TAMPA — Janis Gagner wanted to go to the Super Bowl, not the poorhouse.
As an Arizona Cardinals season ticket holder, she and her daughter Rhonda got tickets for the big game at face value: $800 each.
But after seeing round-trip air fares from Phoenix to Tampa as high as $2,400, they thought, let's fly to Fort Lauderdale instead. Rent a car. Drive five hours to Tampa. Stay with a relative.
Then air fares to Fort Lauderdale shot from $320 to $720. They couldn't reach their in-law. Now it doesn't look good.
"We wanted to go in the worst way," said Gagner, 61, a licensed practical nurse at the Mayo Clinic in Phoenix.
That's the thing about the Super Bowl: Even this year, as the recession puts corporate high rollers on injured reserve and drives down ticket prices, it remains a rich man's game.
"It's, shockingly, still a lot of money, so the average fan is being priced out of the game," said Michael Hershfield, the co-founder and chief executive of LiveStub, a Web site that seeks to give fans more comprehensive information on ticket supply and trends in prices.
But some say it would cost even more in a robust economy.
"If anyone was ever thinking of going to a Super Bowl, I would say this would be the year to do it, because I don't think you'll ever see the pricing like this again," Sharyn Outtrim said.
Outtrim is vice president of special events for PrimeSport, a company that books fan travel and stages an annual Super Bowl pregame party.
This year, PrimeSport and DeBartolo Sports and Entertainment will transform an airplane hangar near Raymond James Stadium into Club 009. The James Bond-themed party for 800 to 1,000 will be hosted by former NFL great Jerry Rice, with music, food, an open bar, plasma screen TVs and "chalk talk" interviews with former NFL players.
Typically, Outtrim said, tickets for such parties cost more than $600. This year, you can get into Club 009 for $450. And that's after PrimeSport cut the price from $495 "to follow the market."
"We're very sensitive to the economy," she said. "We're going to ride this year out."
Despite the discount, prepare for sticker shock if you peruse PrimeSport's four-night hotel packages at resorts like Innisbrook, the Sheraton Sand Key and the Tampa Marriott Westshore.
Yes, you get a ticket to the game (upper level in the corner or end zone, unless you upgrade), plus transportation to and from the game, breakfast and entry to the pregame party at Club 009.
Price: about $5,100 to $6,500 per person.
Put two people in a room and the cost drops to the $4,000 to $4,900 per person range.
Those prices reflect the Super Bowl's knack for drawing corporate heavy hitters. Surveys at the last two Super Bowls found that visitors spent, on average, more than $600 per day on lodging, food, drinks, transportation, entertainment and souvenirs.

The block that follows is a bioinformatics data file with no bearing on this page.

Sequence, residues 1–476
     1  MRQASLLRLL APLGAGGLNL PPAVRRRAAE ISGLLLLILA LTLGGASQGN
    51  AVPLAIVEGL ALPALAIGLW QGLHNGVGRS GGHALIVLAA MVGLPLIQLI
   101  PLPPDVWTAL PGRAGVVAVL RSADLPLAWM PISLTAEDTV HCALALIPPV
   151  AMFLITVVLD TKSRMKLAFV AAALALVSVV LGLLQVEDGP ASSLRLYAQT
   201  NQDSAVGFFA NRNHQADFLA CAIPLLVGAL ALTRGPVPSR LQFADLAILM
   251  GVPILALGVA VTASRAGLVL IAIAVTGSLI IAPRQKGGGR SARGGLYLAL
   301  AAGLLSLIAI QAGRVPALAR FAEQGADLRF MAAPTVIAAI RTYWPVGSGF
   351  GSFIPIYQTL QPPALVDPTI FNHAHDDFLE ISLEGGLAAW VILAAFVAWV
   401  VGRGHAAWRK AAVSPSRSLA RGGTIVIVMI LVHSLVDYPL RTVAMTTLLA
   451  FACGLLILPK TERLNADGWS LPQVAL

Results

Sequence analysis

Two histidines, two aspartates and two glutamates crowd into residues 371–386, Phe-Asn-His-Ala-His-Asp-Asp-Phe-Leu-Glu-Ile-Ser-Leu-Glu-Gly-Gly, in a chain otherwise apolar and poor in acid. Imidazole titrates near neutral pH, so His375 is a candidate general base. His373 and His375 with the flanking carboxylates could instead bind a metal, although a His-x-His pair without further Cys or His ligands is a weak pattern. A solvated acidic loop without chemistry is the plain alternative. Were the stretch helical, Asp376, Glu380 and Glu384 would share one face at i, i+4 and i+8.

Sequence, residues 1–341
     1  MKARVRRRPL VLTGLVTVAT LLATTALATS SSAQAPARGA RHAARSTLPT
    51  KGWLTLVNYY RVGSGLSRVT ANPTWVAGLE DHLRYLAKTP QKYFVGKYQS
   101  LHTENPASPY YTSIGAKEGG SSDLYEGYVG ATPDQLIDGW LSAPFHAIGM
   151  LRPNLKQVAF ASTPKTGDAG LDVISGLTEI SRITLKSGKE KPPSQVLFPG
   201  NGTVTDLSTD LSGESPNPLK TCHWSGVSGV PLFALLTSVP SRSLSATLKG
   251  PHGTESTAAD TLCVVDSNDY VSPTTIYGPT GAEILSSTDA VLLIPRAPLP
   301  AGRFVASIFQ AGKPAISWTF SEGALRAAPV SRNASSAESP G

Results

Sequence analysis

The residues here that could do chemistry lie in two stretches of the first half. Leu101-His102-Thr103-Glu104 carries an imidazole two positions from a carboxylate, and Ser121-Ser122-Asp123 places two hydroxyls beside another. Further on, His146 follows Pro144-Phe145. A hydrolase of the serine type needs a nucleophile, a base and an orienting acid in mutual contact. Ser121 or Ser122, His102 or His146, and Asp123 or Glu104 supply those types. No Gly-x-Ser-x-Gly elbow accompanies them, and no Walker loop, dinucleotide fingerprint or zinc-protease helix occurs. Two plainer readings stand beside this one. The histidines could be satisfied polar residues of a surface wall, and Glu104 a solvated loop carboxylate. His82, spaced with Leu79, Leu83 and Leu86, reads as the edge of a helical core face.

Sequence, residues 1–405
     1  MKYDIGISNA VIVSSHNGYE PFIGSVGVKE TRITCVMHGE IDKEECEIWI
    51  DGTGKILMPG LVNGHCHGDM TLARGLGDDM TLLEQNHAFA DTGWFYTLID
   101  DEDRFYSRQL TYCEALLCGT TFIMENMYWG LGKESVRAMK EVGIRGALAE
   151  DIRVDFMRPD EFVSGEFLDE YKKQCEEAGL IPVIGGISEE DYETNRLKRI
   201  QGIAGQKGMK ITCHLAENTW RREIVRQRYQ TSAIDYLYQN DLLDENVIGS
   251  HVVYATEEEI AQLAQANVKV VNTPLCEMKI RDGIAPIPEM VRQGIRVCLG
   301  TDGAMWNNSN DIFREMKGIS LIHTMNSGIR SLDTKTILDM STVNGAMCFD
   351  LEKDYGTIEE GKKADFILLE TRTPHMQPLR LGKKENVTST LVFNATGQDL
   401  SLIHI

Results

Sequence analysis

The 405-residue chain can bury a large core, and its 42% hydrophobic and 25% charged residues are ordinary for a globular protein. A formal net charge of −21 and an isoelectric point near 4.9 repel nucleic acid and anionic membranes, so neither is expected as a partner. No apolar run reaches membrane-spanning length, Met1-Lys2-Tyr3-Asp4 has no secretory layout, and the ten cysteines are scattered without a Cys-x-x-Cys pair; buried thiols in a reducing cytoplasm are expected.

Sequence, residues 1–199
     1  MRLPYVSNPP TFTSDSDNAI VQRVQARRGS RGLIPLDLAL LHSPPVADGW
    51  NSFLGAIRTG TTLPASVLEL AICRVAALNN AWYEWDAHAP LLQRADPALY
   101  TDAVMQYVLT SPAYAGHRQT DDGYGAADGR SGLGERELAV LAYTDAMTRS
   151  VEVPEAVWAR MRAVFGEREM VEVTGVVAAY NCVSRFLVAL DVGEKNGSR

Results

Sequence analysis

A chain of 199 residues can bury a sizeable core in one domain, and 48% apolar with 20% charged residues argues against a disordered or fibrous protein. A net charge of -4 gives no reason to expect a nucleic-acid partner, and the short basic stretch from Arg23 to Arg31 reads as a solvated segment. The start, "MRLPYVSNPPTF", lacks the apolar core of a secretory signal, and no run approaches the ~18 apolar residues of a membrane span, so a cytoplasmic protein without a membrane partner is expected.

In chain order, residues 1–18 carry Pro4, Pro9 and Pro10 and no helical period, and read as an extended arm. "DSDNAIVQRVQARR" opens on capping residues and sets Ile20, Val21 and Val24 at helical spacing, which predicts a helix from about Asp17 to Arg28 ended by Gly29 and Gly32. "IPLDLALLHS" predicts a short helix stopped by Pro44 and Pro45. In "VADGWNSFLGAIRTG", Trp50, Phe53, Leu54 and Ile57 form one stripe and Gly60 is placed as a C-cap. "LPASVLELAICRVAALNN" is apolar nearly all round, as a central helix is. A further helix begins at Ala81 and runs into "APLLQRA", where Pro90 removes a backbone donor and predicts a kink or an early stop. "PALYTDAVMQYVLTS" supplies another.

That's expected to drop this year. Corporate and visitor spending could decline $30-million, or about 16 percent, according to hospitality analysts at PricewaterhouseCoopers.
Companies that typically book rooms and buy tickets six months before the game are waiting until the last minute this year, Outtrim said.
Meanwhile, there appears to be an influx of regular fans, and Outtrim said she's trying to accommodate them. One group of six wanted a three-night stay — not the standard four — at the Sheraton Tampa Riverwalk Hotel. She made it work.
Meanwhile, the market for Super Bowl tickets rises and falls like the Nasdaq.
In early January, the average ticket price on LiveStub, which tracks tickets offered by its own users and through the NFL's ticket exchange, was $6,000, Hershfield said.
But it dropped steadily to less than $4,000, picking up after the Cardinals and Steelers clinched their conference championships.
Early last week, the site's average ticket price was nearly $4,200. On Wednesday, it peaked at $4,370, then started to dip again. By Saturday, the average was $3,750. (The cheapest tickets on the NFL ticket exchange Saturday were $1,579 each, down from $1,814 on Monday.)
As big games get closer, ticket prices fall, Hershfield said. At this Super Bowl, he expects to "see things that are probably unique, at least in the last two years."
"At kickoff, we may see potentially tickets at close to face value," he said.
Face value is $800 for three-quarters of the game's tickets and $1,000 for the rest.
This year, selling tickets on the secondary market — once known as scalping — is legal, thanks to a 2006 act of the Florida Legislature.
But if you plan to venture into that market, beware, the league and police say.
Authorities urge fans to buy tickets from established businesses, not from someone on the street. That way, there's someone to go back to if there's a problem.
Real tickets will have a hologram of the Tampa Bay Super Bowl XLIII logo, NFL spokesman Brian McCarthy said.
Police will have undercover officers out looking for counterfeits.
Look at the ticket, Tampa police spokeswoman Andrea Davis advises.
During the last Super Bowl in Tampa, some fans thought they scored real tickets from scalpers. At the gate, they discovered they had actually bought tickets to the NFL Experience, a fan fest outside Raymond James Stadium.
But for middle-class fans facing four days of world-class profiteering, scalpers might be the least of the problem.
"The normal fan," Janis Gagner said, "who pays for the tickets all year and loves their team and wants to go to see them win and doesn't want to go to just see all the hoopla and the celebrities, they can't afford to go. And that's really sad."
Richard Danielson can be reached at Danielson@sptimes.com or (813) 269-5311.